Israel is loudly announcing its place within the global climate solution sector during COP27 in Sharm el Sheikh, Egypt. Israel brought 10 startups to represent its climate tech marketplace, all housed in the first Israeli pavilion. The companies span different silos of the climate tech sector, from alternative protein production to clean energy systems to waste mitigation solutions.
The journey to COP27 began earlier this year when the Israel Innovation Authority (IIA), an independent publicly funded agency, and PLANETech, an NGO working to connect and grow Israel’s climate tech community, held the country’s inaugural climate tech conference, PLANETech World, in Tel Aviv. Hundreds of Israeli companies presented their ideas and products to investors largely based in firms abroad.
Dror Bin, CEO of IIA, told GreenBiz that 100 companies competed for a spot to represent Israel as the delegation to COP27 and 10 were selected — H2Pro, GenCell, Remilk, Aleph Farms, Groundwork BioAg, Tomorrow.io, Beewise, UBQ Materials, Wiliot and HomeBiogas. Each startup had to meet a multifaceted set of criteria to secure placement, such as current and potential climate impact, ease of scalability and team leadership and diversity.
Bin is excited to show the world that his nation can keep up with established climate tech hubs, such as San Francisco and London. "One out of every seven new startups founded in 2021 in Israel was engaged in the climate tech domain," Bin declared.
But he recognizes that there is still a lot of room for growth. "There are currently not enough investment entities in Israel specializing in climate tech," Bin said, referring specifically to venture capitalists. His hope is that sending a cohort of 10 technically impressive and diverse examples of Israel’s climate tech entrepreneurship will demonstrate that Israel is a country ready for international investment and cooperation.
Rachel Barr, UBQ Materials’ VP of sustainability, agrees. She eloquently laid out her company’s goal for COP, explaining that UBQ provides a singular solution — converting diverted waste from landfills into bio-based thermoplastic material — that can be deployed in the waste sector to help countries meet their methane pledges and national commitments. "We’re keen to help develop an environment where UBQ and companies like us have the capacity to develop and succeed, and that requires companies, countries and NGOs to consider the relevancy of startups having a seat at the table, to be a deliverer of solutions."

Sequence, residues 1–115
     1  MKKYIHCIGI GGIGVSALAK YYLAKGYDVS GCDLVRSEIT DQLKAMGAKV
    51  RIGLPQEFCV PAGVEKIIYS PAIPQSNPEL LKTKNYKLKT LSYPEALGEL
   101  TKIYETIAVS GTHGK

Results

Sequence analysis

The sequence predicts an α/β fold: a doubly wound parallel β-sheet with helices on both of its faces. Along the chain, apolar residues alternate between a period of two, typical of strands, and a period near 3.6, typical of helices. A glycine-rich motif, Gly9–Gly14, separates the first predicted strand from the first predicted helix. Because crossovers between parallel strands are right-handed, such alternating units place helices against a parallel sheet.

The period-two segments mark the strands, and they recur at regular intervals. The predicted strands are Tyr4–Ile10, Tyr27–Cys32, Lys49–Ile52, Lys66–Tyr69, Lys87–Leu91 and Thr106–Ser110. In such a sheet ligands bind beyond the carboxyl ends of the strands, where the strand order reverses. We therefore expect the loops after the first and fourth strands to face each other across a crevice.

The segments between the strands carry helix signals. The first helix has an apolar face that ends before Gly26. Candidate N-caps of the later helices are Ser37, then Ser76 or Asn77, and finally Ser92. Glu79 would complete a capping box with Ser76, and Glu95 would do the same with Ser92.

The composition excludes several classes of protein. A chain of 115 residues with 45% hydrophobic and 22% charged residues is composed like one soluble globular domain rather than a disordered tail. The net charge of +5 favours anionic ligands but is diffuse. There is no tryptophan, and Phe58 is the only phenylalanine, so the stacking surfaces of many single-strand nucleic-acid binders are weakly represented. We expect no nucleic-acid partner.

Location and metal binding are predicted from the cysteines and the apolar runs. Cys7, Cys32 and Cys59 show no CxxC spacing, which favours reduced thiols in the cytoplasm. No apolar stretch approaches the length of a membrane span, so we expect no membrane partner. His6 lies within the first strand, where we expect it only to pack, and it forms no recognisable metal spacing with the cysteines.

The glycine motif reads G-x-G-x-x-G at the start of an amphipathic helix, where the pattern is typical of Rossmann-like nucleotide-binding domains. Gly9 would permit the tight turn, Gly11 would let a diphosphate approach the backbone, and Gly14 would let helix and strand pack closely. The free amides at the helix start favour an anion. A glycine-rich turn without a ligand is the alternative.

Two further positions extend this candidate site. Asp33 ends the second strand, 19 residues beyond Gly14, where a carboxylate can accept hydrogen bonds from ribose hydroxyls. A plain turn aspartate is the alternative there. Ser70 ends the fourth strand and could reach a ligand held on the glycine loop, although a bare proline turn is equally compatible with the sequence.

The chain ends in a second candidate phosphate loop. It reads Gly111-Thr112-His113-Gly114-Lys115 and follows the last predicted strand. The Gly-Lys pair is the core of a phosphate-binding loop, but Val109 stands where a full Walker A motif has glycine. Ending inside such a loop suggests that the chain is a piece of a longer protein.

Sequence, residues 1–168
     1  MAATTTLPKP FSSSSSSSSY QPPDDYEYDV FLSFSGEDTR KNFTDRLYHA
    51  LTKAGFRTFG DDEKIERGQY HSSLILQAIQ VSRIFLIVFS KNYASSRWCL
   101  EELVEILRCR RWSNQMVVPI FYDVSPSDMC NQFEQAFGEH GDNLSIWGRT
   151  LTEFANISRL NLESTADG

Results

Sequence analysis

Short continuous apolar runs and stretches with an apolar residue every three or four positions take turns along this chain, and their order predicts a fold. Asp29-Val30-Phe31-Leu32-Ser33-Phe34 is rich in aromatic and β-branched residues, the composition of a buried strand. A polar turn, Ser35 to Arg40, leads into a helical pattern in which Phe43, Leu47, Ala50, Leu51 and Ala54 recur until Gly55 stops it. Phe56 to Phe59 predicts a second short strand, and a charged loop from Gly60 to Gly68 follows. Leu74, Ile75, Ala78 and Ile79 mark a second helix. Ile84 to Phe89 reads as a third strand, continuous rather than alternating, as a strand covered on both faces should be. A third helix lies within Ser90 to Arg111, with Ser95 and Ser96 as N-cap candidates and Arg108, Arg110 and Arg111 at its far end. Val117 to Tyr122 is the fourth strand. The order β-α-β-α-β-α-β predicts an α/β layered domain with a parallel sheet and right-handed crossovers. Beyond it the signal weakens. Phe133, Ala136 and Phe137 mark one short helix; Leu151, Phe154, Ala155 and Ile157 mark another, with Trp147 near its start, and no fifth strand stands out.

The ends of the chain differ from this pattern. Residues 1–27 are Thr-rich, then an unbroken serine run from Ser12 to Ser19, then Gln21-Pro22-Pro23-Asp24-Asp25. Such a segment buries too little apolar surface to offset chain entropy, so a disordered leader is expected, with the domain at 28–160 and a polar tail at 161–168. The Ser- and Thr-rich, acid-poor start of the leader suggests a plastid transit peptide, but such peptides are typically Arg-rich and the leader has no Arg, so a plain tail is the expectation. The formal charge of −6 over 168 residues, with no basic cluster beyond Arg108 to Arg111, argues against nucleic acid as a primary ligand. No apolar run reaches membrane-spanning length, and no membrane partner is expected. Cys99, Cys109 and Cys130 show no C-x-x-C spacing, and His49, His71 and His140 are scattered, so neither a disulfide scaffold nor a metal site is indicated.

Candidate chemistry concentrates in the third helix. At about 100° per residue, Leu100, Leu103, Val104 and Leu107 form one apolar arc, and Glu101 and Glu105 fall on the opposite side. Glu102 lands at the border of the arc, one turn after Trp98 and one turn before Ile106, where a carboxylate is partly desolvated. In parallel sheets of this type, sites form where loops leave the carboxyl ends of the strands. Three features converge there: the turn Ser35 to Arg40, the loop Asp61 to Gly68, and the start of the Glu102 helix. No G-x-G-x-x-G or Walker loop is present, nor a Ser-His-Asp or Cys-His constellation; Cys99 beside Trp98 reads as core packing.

Director of PLANETech Uriel Klar emphasized that the 10 companies selected not only represent Israel, but its potential to contribute to the global climate tech sector. "Eighteen months ago, climate tech was not a thing in Israel, and today there are 700 startups and a record of $2.5 billion in investments," said Klar.
This trend was recently noted in a global study, "Scaling Climate Tech," released by Endeavor Insight and HSBC. The report recognized Tel Aviv as a growing center for global climate tech alongside its established peers in Berlin, London and Silicon Valley. Israel chose companies such as Aleph Farms, an alternative protein production startup focused on lab-grown beef production, and its dairy counterpart Remilk to attend COP27 before the report officially named Israel’s meat alternative sector a "subsector to watch."
Bin believes Israel’s burgeoning climate tech market can use COP27 to capitalize on the global interest in climate mitigating technological innovations. But his demeanor is anything but cynical. Bin affirms that when many minds come together to solve a problem, then we still have a chance, "I firmly believe that saving our planet’s future is still in the hands of mankind."